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Thursday, 23 November

00:08

TREES Melbourne Fresh Daily

"Trees are the earth's endless effort to speak to the listening heaven." - Rabindranath Tagore

This post is part of the Outdoor Wednesday meme,
and also part of the Wordless Wednesday meme,
and also part of the ABC Wednesday meme.


Save our planet's trees! Reuse, Repair, Recycle!

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Wednesday, 22 November

21:52

Wow that guy is good! The Gap Year and Beyond

I reckon the roo was stunned by my stalking prowess. Usually they are quite shy and will bound off as soon as they spot me trudging along the track with all my gear. I do try to walk quietly in case I find a Bassian Thrush or another ground bird on the path. More likely than being impressed, I think this tall male was quite confident that he could take me so he just waited for me to stop walking and then just ambled across the path and away into the forest.

00:05

THE QUEEN VIC Melbourne Fresh Daily

The Queen Victoria Market (also known as the Queen Vic Markets or the Queen Vic, and locally as '"Vic Market"') is a major landmark in Melbourne, Australia, and at around seven hectares is the largest open air market in the Southern Hemisphere. The Market is significant to Melbourne's culture and heritage and has been listed on the Victorian Heritage Register.

The Market is named after Queen Victoria who ruled the British Empire, from 1837 to 1901. The Queen Victoria Market is the only surviving 19th century market in the Melbourne central business district. There were once three major markets in the Melbourne CBD, but two of them, the Eastern Market and Western Market, both opened before the Queen Victoria, closed in the 1960s. It also forms part of an important collection of surviving Victorian markets which includes the inner suburban Prahran Market and South Melbourne Market.

This post is part of the Our World Tuesday meme,
and also part of the Ruby Tuesday meme,
and also part of the Travel Tuesday meme,
and also part of the Wordless Wednesday meme.



...

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Tuesday, 21 November

22:25

OnlyMelbourne Newsletter #569 "IndyWatch Feed Melbourne"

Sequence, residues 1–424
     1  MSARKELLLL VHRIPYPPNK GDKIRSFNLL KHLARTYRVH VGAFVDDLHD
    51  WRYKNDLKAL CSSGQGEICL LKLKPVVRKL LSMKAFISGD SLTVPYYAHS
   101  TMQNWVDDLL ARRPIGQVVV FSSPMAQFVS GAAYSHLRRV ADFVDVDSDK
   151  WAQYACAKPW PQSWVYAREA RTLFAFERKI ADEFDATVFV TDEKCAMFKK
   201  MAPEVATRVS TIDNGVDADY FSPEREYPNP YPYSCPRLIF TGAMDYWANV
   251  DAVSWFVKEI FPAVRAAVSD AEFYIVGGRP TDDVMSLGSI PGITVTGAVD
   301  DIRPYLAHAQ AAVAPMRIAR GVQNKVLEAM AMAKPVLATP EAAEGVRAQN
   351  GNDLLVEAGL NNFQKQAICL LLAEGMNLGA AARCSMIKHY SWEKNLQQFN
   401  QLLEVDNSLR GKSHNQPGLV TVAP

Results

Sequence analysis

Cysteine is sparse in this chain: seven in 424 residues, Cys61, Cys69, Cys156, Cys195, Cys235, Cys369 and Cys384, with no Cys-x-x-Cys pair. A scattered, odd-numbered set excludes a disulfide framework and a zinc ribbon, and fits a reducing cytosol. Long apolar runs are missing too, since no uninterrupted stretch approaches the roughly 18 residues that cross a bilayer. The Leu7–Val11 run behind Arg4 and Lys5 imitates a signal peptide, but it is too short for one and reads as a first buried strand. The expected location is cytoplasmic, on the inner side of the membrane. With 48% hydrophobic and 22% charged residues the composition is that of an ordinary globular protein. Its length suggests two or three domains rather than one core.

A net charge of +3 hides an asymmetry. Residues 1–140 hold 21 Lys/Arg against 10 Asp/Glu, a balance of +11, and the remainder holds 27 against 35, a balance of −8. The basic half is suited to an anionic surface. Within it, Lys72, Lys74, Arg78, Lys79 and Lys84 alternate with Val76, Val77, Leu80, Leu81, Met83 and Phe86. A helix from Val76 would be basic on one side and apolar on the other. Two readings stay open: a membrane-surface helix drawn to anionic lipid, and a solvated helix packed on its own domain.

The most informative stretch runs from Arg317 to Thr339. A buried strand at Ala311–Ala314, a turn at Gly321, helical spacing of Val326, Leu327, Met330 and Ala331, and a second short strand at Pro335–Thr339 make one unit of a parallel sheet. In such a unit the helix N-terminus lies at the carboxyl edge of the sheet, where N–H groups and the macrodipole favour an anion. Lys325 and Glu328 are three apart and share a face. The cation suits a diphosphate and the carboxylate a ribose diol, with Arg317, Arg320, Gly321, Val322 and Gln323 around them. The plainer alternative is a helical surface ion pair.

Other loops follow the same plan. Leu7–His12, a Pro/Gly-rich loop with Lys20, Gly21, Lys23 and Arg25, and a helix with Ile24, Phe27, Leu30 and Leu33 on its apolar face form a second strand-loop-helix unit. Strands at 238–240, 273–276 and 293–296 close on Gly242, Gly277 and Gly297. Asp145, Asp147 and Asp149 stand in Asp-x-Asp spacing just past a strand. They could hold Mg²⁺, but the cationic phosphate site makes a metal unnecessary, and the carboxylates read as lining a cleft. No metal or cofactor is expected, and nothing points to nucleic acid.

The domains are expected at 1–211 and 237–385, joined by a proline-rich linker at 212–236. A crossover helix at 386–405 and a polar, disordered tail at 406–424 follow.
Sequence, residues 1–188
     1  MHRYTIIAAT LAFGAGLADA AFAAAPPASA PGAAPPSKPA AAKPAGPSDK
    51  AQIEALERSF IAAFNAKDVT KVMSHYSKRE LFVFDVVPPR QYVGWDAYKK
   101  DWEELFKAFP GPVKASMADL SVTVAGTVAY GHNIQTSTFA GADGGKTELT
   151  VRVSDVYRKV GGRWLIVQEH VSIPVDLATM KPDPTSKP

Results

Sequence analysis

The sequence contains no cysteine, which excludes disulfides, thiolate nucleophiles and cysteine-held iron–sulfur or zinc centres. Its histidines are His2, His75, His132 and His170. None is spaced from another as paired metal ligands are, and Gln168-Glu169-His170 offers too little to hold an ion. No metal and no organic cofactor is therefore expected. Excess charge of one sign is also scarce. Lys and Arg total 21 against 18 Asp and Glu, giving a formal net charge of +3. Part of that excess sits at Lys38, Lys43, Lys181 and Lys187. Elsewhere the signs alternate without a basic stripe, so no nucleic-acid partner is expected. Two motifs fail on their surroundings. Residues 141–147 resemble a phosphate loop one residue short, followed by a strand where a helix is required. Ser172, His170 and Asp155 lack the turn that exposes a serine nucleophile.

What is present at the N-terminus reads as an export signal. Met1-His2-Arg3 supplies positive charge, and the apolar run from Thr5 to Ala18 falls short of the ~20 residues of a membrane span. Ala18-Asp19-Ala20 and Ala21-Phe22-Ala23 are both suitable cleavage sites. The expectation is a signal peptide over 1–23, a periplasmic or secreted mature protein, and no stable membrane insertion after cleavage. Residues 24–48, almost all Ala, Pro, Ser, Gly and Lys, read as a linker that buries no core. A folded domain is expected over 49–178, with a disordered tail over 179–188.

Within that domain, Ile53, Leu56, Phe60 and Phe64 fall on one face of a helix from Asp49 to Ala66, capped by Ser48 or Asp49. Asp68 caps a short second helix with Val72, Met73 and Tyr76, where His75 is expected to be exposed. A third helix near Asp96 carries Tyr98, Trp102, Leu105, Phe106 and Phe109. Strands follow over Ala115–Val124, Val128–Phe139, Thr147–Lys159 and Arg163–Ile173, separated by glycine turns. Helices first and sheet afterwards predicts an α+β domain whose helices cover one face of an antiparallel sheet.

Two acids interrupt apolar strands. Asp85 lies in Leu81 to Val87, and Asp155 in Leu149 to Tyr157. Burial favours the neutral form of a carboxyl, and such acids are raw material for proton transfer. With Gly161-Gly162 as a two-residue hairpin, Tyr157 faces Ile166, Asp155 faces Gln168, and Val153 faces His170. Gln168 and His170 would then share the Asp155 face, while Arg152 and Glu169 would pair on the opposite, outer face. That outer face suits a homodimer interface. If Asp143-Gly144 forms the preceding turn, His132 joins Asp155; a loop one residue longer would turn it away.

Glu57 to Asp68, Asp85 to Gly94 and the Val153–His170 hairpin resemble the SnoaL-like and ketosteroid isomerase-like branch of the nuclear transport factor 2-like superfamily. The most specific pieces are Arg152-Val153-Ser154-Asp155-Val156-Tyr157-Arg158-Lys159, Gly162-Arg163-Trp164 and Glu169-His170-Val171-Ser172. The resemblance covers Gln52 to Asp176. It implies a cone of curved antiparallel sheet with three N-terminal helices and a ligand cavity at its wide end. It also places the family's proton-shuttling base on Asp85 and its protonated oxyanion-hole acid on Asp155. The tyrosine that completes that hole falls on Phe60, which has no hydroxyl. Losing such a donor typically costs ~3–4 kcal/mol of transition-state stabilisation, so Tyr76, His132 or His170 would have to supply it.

Read Online Newsletter | #569 | What's On this WeekWelcome to Newsletter | #569 What's On this Week in marvellous Melbourne Tuesday 21st November 2017 to Monday 27th November 2017 Another week jam packed with markets, exhibitions and foodie events. Night Noodle Markets 9-26 November - Asian market feast served alongside roaming performers DJs and live music. Night Noodle Markets | Birrarung Marr Stitches & Craft Show .nobrtable br { display: none } 23-26 November 2017 | 3 days of amazing displays and get loads of inspiration to make gorgeous things for your family and home. Melbourne Stitches & Craft Show | Royal Exhibition Building The Strange and Spektakulr Lives of Otto & Astrid .nobrtable br { display: none } Circus Oz creates this strange and spektacular fantastical back story of the lives of Otto and Astrid, tracing the journey that catapulted them to become the Prince and Princess of art rock and Europop. Show | Meat Market | Buy Tickets The Melbourne Fair 2017 .nobrtable br { display: none } Over 60 of Australias best antique dealers will be at Caulfield Racecourse from the 23rd to 26th November The Melbourne Fair | Caulfield Racecourse Frankston's Christmas Festival of Lights 2017 .nobrtable br { display: none } Christmas tree lighting spectacular followed by a dazzling fireworks display to welcome in the festive season. Frankston's Christmas Festival of Lights 2017 Black Friday Sales .nobrtable br { display: none } Prepare for the biggest shopping day of the year. Friday 24th November 2017: Black Friday Sales Primrose Fair 2017 .nobrtable br { display: none } The ultimate designer market on the Mornington Peninsula at the historic Cloisters in Mount Eliza. Saturday, November 25, 2017: Primrose Fair | Toorak College Melbourne Ceramics Market .nobrtable br { display: none } Showcasing Melbournes finest and established ceramic makers on the weekend of the 25th & 26th November under one roof in Collingwood. Melbourne Ceramics Market Melbourne Pen Show .nobrtable br { display: none } Australia's only pen show featuring writing instruments, pens and writing ephemera at Malvern Town Hall - Sunday 26th November 2017. Melbourne Pen Show 2017 | Malvern Town Hall Coburg Night Market .nobrtable br { display: none } One of Melbournes favourite summertime events Coburg Night Market returns for an 8th season with Artisans street food and music. 4 Friday nights | 5.30pm-10pm | Bridges Reserve Coburg Night Market This Week .nobrtable br { display: none } Cigar Box Guitar Festival, Draughthorse & YesterYear Weekend, Feminist Festive Fair, Gippsland Antiques & Collectables Fair, Kids Fun Run with Thomas, Lancefield Megafauna Festival, Melbourne Music Week, Monster Fest, Riddells Creek Festival, Very Special Kids Fashion Sale, White Ribbon Day, Yea Show View Event...